Though substantial, international development funding flows vary depending on whether they are viewed as humanitarian assistance, military assistance, or other forms of spending. This funding is usually measured to indicate one country’s spending toward another country or set of countries abroad, but can also sometimes include spending within a country’s own borders on issues like refugee-hosting costs.

Humanitarian aid is a significant area of international spending globally. According to the UN Office for the Coordination of Humanitarian Affairs’ measurements, the United States spends the most in humanitarian aid, followed by countries in Europe, such as those in the United Kingdom, and Canada.

How Does the United States Finance International Development?

International development spending in the United States is administered by some fifteen government agencies, with leadership from the State Department and USAID, the primary agency for dedicated U.S. development activities abroad. USAID manages the bulk of U.S. development and humanitarian aid and nearly $20 billion in funds.

USAID is a semi-independent agency, operating under the policy guidance of the president, the State Department, and the National Security Council. Its programs are authorized by Congress as per the Foreign Assistance Act. Other U.S. agencies involved in development efforts include the Department of Defense, the Department of Health and Human Services, and the Treasury Department. Other institutions involved include the Millennium Challenge Corporation, the Peace Corps, and many private sector organizations and foundations like the Bill & Melinda Gates Foundation.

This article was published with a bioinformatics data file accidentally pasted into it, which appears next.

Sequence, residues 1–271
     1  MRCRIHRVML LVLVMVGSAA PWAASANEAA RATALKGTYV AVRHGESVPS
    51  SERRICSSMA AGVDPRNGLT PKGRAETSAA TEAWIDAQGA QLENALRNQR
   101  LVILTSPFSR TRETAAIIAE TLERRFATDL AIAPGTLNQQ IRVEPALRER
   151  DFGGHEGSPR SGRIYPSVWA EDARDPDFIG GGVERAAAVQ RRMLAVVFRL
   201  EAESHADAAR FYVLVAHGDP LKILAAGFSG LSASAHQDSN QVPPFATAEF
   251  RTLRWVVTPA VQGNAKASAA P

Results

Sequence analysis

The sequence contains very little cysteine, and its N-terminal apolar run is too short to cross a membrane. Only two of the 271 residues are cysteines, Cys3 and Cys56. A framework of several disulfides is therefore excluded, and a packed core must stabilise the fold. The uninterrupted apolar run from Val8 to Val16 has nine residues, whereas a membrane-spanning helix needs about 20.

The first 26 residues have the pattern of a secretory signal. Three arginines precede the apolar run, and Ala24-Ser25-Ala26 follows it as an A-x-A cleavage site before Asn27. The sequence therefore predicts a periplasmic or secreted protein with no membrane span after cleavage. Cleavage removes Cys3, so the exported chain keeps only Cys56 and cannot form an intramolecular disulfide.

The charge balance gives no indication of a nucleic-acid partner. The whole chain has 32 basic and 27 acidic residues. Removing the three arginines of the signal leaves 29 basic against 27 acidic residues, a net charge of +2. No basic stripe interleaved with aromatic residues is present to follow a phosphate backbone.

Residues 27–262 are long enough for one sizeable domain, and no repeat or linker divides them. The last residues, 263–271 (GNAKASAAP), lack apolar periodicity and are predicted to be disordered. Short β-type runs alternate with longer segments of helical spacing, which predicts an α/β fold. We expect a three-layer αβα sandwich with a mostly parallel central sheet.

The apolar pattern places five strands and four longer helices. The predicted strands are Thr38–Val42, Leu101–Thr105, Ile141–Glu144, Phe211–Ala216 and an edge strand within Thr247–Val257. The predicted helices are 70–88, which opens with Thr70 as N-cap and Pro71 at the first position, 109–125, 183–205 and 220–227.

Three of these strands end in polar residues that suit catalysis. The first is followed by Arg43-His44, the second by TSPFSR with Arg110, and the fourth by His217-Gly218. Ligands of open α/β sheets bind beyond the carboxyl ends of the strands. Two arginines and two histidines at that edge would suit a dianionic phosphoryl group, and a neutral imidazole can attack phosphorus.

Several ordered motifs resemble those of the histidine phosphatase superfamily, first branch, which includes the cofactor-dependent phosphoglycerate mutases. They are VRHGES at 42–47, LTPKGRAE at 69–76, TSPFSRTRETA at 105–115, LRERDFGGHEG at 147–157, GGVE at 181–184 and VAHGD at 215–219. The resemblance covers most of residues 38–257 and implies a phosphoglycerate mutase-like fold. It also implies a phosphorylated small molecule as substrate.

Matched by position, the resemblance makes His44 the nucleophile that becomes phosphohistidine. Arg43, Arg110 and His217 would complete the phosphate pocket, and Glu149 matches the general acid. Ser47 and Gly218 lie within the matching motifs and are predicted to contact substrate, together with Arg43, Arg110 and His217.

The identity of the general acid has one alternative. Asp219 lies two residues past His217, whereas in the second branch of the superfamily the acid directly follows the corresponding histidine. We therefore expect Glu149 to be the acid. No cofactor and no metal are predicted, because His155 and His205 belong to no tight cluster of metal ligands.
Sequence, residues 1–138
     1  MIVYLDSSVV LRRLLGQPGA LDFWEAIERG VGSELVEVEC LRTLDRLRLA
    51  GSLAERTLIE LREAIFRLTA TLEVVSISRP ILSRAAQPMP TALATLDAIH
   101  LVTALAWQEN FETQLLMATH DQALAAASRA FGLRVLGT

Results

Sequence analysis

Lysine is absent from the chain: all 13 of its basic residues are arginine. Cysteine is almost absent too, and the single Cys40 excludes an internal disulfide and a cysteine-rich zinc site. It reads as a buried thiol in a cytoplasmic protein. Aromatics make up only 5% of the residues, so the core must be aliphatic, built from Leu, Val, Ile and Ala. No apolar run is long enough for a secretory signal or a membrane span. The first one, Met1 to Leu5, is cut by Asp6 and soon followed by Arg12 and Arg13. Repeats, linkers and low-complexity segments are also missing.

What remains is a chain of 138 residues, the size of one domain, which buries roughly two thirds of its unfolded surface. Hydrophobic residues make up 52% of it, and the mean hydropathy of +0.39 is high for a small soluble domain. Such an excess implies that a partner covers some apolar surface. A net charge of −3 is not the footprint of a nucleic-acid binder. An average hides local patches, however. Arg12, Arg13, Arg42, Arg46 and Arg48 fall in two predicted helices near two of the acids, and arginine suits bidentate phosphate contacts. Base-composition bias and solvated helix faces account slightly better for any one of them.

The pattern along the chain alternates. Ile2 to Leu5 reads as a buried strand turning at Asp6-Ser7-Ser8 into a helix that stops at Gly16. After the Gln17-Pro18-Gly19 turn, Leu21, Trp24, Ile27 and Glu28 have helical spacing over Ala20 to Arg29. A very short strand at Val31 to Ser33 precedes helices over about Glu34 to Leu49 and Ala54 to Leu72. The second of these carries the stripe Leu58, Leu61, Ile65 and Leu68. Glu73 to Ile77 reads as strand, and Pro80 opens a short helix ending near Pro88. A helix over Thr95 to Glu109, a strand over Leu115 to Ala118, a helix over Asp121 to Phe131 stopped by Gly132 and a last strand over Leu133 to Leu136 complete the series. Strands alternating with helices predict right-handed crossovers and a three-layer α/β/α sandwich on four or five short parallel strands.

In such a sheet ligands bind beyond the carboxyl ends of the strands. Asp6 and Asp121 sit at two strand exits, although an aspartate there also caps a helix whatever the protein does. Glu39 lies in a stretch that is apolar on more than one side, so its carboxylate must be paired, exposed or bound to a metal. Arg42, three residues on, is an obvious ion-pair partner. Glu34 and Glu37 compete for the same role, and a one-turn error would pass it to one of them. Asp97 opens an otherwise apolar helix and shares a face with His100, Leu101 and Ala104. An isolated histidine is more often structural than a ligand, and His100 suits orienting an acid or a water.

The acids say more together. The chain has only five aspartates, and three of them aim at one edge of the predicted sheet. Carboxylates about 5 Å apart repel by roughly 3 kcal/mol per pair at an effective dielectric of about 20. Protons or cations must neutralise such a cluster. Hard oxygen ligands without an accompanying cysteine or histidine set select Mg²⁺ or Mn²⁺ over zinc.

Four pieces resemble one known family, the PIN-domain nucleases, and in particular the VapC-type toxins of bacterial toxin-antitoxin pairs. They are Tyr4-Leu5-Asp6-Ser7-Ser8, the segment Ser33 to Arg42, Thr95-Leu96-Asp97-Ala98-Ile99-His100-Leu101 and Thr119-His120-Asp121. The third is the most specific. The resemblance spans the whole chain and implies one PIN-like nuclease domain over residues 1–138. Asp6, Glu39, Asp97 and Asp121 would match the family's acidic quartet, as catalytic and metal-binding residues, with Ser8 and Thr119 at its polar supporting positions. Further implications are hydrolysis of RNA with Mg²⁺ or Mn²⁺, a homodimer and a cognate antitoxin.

Overall U.S. aid flows have been connected to a range of activities, shaped, for example, by global crises, such as responses to the COVID-19 pandemic, conflicts, and wars.

In fact, aid spending flows have been linked to major U.S. security interests, as national security concerns tend to drive U.S. aid spending. For example, the War in Ukraine and related fallout since late 2022 has significantly increased U.S. foreign assistance spending, driving over $75 billion in U.S. aid to Ukraine since the war’s start.

Current U.S. international-assistance spending includes significant spending to support institutional strengthening of foreign governments and civil society, emergency response, and health.  



How Is China Involved in International Development?

Experts have paid growing attention to China’s approaches to international development, particularly its Belt and Road Initiative (BRI). Launched by President Xi Jinping in 2013, the BRI includes a wide array of development and investment initiatives in Africa, Europe, Latin America, and Oceania, significantly broadening China’s economic and political influence. China’s approach to that massive development project has included a major focus on infrastructure investment to enhance its national interests and support economic and social development in recipient countries. The country has invested billions of dollars in roads, railways, and other infrastructure across Africa and Eurasia.

Why Does Defining Development Matter?